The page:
In 2009, after decades of gaining experience in the port business, Buss enters the shipowners' industry and consolidates all maritime shipping activities under the roof of Buss Shipping. Now the Buss Group are shipowners, which capitalizes on the experience from being a shareholder in the August Bolten Reederei. The ElbePort Wittenberge is established and becomes Buss Port Logistics' first interior port terminal.

2010-today

2010-today Today Expansion in All Business Areas

2010s – Buss Capital is recognized by Marine Money for their funds with the "Deal of the Year" award, and Buss Port Logistics too can rejoice: they made third place in the market survey competition for the new Central Terminal Steinwerder. In the following four years, Buss Port Logistics opens up a number of new terminals in Stade and Duisburg, and beyond German borders, in Iskenderun, Turkey, and in Eemshaven, the Netherlands. In multiple locations, Buss Port Logistics starts catering to the offshore logistics industry and enters a new field of business.

2010-today Today Expansion in All Business Areas

In 2012 Buss Shipping takes over Walther Möller GmbH, which brings a shipbrokers outfit into the Buss Group. Even Buss Capital expands, and establishes the joint venture Asia Offshore in 2014.

2014 – Buss Capital establishes the capital management company Buss Investment GmbH. Since 2015, it structures and manages closed alternative investment funds of the Buss Capital Group.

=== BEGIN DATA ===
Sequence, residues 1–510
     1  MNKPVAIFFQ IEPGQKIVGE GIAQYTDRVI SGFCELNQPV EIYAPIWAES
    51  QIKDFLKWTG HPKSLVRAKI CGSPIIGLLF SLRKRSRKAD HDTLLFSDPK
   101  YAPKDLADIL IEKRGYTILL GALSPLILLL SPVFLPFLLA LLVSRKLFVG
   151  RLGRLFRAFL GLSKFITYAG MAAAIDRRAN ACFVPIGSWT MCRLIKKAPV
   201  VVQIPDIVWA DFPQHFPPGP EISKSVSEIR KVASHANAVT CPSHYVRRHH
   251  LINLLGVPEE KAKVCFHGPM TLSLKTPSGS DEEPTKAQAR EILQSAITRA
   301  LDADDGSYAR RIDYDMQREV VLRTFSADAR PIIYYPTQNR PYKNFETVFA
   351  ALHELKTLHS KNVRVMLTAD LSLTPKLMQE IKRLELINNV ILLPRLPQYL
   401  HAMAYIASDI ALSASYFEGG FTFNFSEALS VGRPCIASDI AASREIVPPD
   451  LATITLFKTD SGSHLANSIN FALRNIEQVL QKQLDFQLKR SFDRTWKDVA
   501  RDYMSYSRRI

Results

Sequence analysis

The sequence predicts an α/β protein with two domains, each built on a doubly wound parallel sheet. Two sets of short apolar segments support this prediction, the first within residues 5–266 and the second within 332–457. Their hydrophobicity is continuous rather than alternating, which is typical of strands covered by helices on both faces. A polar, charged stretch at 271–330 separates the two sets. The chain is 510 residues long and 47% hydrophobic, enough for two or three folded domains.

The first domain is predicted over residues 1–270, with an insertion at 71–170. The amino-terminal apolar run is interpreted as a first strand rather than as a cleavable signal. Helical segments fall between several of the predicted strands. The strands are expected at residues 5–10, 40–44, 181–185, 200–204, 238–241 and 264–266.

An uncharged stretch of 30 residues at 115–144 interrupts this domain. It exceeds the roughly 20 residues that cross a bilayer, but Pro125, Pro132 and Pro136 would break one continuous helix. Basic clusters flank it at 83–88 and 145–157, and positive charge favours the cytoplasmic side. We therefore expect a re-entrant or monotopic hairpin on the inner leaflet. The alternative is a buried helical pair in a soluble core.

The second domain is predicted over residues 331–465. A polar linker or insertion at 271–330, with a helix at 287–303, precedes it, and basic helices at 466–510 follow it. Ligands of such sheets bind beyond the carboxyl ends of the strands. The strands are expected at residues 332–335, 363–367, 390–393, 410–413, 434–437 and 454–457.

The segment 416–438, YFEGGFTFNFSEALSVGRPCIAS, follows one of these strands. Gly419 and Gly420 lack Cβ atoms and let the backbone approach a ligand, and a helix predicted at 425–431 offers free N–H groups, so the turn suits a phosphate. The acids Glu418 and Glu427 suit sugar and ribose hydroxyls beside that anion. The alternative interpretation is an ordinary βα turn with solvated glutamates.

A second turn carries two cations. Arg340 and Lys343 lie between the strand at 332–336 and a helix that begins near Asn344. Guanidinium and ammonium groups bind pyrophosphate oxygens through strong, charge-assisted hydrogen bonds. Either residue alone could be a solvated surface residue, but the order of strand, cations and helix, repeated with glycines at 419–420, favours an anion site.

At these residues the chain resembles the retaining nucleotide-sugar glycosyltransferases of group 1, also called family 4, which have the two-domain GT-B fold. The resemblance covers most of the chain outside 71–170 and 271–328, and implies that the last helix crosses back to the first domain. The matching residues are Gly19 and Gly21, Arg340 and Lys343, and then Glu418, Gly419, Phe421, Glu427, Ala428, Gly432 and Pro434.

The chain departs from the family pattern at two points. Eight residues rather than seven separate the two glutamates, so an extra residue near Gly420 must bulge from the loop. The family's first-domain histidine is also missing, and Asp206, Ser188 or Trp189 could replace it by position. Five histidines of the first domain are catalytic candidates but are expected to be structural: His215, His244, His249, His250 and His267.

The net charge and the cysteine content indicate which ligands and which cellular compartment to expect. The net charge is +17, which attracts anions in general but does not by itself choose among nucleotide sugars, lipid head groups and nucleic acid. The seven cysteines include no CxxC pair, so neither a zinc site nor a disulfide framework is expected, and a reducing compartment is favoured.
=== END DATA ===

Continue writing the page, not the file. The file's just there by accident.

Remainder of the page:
2016 – The lease agreements for the Buss Hansa and Buss Ross Terminals in Hamburg expire at the end of the year. Buss Port Logistics restructures around its core competences, and focuses on the areas stevedoring and contract logistics; as well as project logistics services with emphasis on the offshore wind industry logistics. The company operates in Germany, the Netherlands and Turkey.

2017- Leonhardt & Blumberg Reederei GmbH & Co. KG and Buss Shipping GmbH & Co. KG bundle their management activities in Leonhardt & Blumberg Shipmanagement GmbH & Co. KG. The joint managed fleet will consist of 55 ships with a focus on the container feeder segment and an average ship age of 8 years.

 

Buss restructures its port area: Buss Port Logistics will in future operate under Buss Port Services and Buss Offshore Solutions. While Buss Port Services bundles the classic stevedoring and contract logistics, Buss Offshore Solutions advises international customers in the offshore/on-shore and oil/gas industry and develops or rather realizes port logistics solutions for them.